Animal rescue groups are fired up about a new state bill they say will hurt animals who are already suffering.
The bill aims to bar local authorities from enforcing animal cruelty laws.
Instead, it gives the power to investigate animal abuse claims on farms to the Arizona Department of Agriculture.
Rescue groups say it's already hard enough to report animal abuse. They think these changes would make it even tougher.
Jim Gath has dedicated his life to helping horses. He owns Tierra Madre Horse Sanctuary in Cave Creek. The sanctuary is home to 30 horse rescues.
Gath fights hard to get his horses back on their feet, after they're brought in to him suffering from abuse and neglect.
Now he's found another fight as House Bill 2587 moves forward in the state legislature. The bill was introduced by Republican state representative Brenda Barton.
Gath says law enforcement is doing the best they can when it comes to investigating claims of animal abuse involving livestock.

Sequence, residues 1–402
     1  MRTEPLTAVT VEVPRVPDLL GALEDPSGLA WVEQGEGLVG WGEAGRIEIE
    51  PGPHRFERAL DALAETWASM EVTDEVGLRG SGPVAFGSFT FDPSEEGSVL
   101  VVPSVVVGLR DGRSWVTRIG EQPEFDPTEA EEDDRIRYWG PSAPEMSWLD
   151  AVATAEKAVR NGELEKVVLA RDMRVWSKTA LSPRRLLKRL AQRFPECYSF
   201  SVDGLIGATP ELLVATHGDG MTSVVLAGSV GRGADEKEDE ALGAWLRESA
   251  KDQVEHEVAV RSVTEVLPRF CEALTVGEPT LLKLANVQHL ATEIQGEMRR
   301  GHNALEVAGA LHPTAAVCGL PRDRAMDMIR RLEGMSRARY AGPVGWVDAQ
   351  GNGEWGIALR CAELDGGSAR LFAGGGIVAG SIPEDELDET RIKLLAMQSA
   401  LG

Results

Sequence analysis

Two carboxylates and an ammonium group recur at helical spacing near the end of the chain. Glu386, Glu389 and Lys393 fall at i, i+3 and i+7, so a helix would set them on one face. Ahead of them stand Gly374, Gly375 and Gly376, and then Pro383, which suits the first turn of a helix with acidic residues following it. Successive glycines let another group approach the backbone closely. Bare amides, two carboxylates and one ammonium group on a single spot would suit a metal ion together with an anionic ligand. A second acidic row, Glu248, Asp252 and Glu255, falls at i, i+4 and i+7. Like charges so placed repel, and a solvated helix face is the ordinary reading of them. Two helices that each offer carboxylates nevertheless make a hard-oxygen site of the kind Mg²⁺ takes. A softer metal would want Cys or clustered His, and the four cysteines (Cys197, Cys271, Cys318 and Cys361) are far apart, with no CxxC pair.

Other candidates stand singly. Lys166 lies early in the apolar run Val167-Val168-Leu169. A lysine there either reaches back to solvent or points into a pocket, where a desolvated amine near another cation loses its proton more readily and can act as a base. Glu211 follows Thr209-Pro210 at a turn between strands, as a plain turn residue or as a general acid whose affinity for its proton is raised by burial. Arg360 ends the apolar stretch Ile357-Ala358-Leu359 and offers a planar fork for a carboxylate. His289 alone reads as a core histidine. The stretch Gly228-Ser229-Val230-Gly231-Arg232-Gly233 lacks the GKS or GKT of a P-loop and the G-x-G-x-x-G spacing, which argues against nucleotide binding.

He worries this change would sweep animal abuse cases under the rug. He believes the Arizona Department of Agriculture doesn't have the investigators or resources to handle the number of cases out there.
"I'm kind of thinking this is called the deadbeat bill. Because deadbeats are the ones who are going to be the ones who get along. And the people that want to do the right thing for horses are the ones that are being punished on this," Gath said.
The bill also states any photos or video taken of animal abuse have to be handed over to the Department of Agriculture within five days.
Animal rescue groups fear that would silence whistle blowers. They feel that evidence should be turned in to police, and five days is not enough time.
In the end, Gath fears it means he won't be able to help the animals out there who need it the most.
"The only spirits on Mother Earth that are going to suffer are the animals, you know? And they're already suffering," he said.
Lawmakers who sponsored the bill say they're trying to protect animals. They point to a number of other measures within the bill that they say do just that.
Officials say they're making some changes to the bill's wording, so we could see an amended bill later this week.